It was not with routine interest that I opened a copy of the book volume on “Transitions in Namibia”. This year has towards its end brought visible efforts to redirect the way Namibia is going politically, and thus redirect the lives of Namibians. The recent congress of the ruling SWAPO Party made important decisions, that were already in advance challenged by a new party formed by people with a background of the very core of SWAPO for the last three decades. We do not know what happens with ...read more
It was not with routine interest that I opened a copy of the book volume on “Transitions in Namibia”. This year has towards its end brought visible efforts to redirect the way Namibia is going politically, and thus redirect the lives of Namibians. The recent congress of the ruling SWAPO Party made important decisions, that were already in advance challenged by a new party formed by people with a background of the very core of SWAPO for the last three decades. We do not know what happens with the Rally for Democracy and Progress (RDP). Will it experience the same as the Congress of Democrats, founded less than ten years ago, or will it be able to create enough support to really influence the way Namibia is developing? I would simplify the choices as either following the Zimbabwe way to disaster, or to find another, essentially more democratic and economically just and viable way of development.
Every analysis is based on history. I have found by experience that the government of Namibia is not really interested in history at all. They want something, which Chris Saunders calls “patriotic history”. The idea is to produce “the one and only” history. The right one, giving the only truth of what has taken place. It is almost written already. Sam Nujoma has published a book called “Where Others Wavered”, which aims to enshrine armed struggle as the decisive factor in bringing freedom and independence. As Saunders points out, the aim is to cement the arm of exile leaders in the present and coming power struggles in the power struggle establishing “liberation credentials” and labelling deviating opinions as unpatriotic and imperialist.
In writing about the centrally important issue of land, Phanuel Kaapama discusses also the surprising way SWAPO turned its coat from a quite rigid soviet version of socialism to all out capitalism just before the 435-process commenced at the end of the 1980’s. I do not question the wisdom of Hidipo Hamutenya, when he said in 1990: “democratisation of Namibian society was necessary before the process of socialist transformation could commence”. But contrary to what happened in South Africa, there was almost no public discussion whatsoever on this tremendous change of basic political line. Even the labour leaders adopted with little resistance a so-called “social partnership”.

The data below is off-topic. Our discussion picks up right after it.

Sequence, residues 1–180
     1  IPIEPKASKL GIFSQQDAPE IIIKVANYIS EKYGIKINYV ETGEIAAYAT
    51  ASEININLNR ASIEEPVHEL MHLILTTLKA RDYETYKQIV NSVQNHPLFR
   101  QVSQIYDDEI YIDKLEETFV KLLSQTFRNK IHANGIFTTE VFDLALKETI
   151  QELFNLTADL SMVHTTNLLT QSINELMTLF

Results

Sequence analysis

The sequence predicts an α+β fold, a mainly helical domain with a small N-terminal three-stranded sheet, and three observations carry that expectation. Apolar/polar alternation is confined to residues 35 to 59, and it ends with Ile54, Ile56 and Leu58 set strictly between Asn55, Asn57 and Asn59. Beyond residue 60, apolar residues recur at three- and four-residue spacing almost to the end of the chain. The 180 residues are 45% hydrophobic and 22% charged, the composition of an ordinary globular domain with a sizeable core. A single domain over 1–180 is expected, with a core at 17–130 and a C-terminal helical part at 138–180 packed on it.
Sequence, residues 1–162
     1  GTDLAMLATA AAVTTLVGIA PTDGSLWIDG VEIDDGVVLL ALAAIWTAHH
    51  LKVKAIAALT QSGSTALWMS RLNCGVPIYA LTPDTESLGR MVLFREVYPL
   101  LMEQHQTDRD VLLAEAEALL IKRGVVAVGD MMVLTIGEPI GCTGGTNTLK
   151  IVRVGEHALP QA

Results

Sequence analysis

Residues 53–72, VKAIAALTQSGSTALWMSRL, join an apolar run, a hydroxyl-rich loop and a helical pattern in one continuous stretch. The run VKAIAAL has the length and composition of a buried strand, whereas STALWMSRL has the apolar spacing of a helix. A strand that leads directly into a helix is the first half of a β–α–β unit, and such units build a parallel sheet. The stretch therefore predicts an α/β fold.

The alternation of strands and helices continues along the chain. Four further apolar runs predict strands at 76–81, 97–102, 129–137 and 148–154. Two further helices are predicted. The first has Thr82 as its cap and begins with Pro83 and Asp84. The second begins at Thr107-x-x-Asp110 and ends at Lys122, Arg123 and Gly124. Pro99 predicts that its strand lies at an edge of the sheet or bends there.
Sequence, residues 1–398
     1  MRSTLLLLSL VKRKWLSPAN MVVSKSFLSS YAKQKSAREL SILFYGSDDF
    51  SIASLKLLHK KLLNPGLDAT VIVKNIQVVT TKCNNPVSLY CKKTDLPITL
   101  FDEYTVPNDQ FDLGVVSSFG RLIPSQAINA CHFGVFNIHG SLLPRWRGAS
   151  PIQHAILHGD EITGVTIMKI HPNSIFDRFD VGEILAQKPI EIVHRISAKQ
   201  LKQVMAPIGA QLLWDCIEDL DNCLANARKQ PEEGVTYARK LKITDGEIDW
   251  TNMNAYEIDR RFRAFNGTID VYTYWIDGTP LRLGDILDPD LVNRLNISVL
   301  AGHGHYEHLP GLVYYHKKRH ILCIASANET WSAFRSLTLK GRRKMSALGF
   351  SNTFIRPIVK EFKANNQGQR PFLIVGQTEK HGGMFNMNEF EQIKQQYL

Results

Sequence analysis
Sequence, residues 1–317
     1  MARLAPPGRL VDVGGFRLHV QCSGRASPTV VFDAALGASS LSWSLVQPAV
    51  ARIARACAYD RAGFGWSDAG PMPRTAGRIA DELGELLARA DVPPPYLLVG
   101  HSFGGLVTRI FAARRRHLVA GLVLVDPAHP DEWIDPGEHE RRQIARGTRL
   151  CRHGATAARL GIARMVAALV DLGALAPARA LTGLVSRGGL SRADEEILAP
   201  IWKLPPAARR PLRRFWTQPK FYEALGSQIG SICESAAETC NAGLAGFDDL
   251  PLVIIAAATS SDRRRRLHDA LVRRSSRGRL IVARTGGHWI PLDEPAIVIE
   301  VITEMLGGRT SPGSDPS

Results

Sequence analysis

Namibian leaders have repeatedly expressed their admiration of the Zimbabwean land distribution policies. I do not believe, however, that Namibia will in this question follow the disastrous footsteps. The government knows well the experience of the couple of hundred farms which have been bought by state or individuals through Affirmative Action Loan Scheme. The experience shows how all important is the professional competence of the new farmers. Instead of becoming prosperous, new farmers have impoverished and become dependent of continuous government support for survival. Some have found paid work in neighbouring farms. Some owners have rented the farm back to the previous owner. Without training and slowly accumulating expertise farms do not produce the expected returns. In this issue, Mr Kaapama is somewhat too optimistic, I suspect, in indicating that the experience gained in the communal areas is broadly sufficient for the task.